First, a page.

On holiday this summer in the Vendée region (near the Loire valley), I was pleasantly surprised by my till receipt for my holiday shopping. Instead of a list in simple order of items scanned by the cashier, the receipt was both grouped by department, and ordered by highest priced item first. At a glance, you can see which items from each department are the most expensive, and which departments you bought the most goods from.
In the past, till receipts were printed line by line first mechanically – possibly with mechanical tabulation (addition of next item to subtotal) inside the machine – then by fairly dumb electronic calculators which would do much the same. More recently, bar code scanning meant the machines queried a database for the item price. Later, the item name would be queried and printed (initially a few characters per item) and yet the basic running totals and chronological ordering have still to change in many supermarkets and other stores where you buy a lot of items.
Behind the scenes, no doubt accounting has been done by department for some time. It’s a relatively small jump from a flat database lookup to allowing classification by groups of products. This, to my knowledge, is standard practice for any self respecting supermarket manager / category manager. I’m fascinated to see just how long it has taken to expose these groups to the customer in a useful way. Buffering the data scanned and making a single printout at the end has surely long been within the technical capability of many point of sales devices, since back office equipment and even individual tills have been able to do it for some time. Fast printing of hundreds of lines of text has been possible for well over a decade.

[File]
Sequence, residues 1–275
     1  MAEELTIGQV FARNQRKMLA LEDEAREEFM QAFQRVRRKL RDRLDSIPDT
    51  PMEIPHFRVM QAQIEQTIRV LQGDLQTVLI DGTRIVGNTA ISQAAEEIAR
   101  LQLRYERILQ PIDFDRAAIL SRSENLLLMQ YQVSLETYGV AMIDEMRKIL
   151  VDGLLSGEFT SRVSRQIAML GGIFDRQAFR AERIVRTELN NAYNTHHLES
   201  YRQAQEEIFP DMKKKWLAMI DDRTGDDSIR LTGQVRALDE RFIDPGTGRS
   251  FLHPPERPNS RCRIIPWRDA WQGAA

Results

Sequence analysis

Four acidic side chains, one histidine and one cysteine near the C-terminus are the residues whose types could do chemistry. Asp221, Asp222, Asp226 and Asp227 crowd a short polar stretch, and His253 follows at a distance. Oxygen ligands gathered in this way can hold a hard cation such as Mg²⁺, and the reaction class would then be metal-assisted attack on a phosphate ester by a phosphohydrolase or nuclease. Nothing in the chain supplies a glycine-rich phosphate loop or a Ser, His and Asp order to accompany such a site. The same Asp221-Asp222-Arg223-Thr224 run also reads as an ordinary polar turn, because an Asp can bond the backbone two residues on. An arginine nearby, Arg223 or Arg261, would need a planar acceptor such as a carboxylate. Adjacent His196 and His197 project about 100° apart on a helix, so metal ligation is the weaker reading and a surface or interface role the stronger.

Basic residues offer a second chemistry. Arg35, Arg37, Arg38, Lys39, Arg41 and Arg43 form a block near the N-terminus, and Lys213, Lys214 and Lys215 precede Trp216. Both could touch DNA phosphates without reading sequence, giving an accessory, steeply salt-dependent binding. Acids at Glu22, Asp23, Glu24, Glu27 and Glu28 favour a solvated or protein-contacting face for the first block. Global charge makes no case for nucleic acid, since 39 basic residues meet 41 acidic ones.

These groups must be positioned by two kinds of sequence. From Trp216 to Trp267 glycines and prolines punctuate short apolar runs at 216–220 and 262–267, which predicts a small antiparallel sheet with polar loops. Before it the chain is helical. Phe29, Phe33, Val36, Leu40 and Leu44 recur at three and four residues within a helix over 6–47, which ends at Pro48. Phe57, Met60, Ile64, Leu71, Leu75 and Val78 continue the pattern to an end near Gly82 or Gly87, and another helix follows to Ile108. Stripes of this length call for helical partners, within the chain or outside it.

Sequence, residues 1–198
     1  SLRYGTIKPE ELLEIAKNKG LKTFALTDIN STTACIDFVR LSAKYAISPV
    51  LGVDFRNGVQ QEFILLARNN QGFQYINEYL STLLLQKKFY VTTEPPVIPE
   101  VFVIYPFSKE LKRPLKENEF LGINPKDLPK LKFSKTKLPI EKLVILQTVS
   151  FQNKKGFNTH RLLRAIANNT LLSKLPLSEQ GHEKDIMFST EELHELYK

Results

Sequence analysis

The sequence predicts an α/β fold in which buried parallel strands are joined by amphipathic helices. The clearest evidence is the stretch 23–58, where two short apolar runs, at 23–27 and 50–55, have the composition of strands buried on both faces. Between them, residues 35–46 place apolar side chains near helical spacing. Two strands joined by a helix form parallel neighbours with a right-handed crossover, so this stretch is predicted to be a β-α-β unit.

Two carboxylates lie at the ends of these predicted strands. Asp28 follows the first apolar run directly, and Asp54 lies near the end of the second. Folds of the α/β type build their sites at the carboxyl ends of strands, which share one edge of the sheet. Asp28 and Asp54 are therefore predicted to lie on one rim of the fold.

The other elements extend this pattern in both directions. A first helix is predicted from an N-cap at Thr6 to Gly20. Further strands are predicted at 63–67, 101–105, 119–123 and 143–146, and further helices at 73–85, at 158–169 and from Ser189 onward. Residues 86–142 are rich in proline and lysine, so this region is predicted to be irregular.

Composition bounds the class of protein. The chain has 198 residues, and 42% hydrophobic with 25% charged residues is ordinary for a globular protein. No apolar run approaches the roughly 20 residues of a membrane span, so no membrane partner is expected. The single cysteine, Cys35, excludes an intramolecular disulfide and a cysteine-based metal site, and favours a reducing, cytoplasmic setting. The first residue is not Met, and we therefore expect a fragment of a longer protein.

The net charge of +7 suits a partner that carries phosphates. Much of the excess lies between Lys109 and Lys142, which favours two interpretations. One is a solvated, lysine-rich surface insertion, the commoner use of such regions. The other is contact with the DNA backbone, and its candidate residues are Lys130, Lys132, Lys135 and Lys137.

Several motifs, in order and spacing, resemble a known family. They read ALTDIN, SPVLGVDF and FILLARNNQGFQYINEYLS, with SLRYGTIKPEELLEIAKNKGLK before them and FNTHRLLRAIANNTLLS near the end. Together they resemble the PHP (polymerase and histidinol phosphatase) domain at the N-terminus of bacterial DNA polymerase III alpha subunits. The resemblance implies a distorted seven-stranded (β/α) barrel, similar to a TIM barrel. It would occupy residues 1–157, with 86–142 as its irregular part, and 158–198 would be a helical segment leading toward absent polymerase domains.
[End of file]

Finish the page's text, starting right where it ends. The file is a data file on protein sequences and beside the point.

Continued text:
I see several advantages to this approach. Customers get a clear receipt, even if errors are made while scanning or products are cancelled (these need not show on a final receipt, but will create ugly correction lines on “print a line after every item is scanned” receipts). If any goods are bought in multiples, they need not be scanned together at the same time and relevant multi-buy discounts can be neatly added in the same place. Most of all, you leave the store with a feeling that you might want to keep the receipt a bit longer and look at your purchases a bit more carefully. Perhaps even in store, you might notice that you have been billed twice for expensive items because of scanning error. You may be on a tight budget and readable receipts surely help money management at the end of the month. Most of all, errors at tills are commonplace but it’s terribly difficult to see the errors while stressing to pack up your shopping. Kudos to Super U (France) for this little innovation which I think is a real customer pleaser. Now if only the database people could put decent descriptions in for products, instead of “ENM PAST 32%MG U BIO 250G”.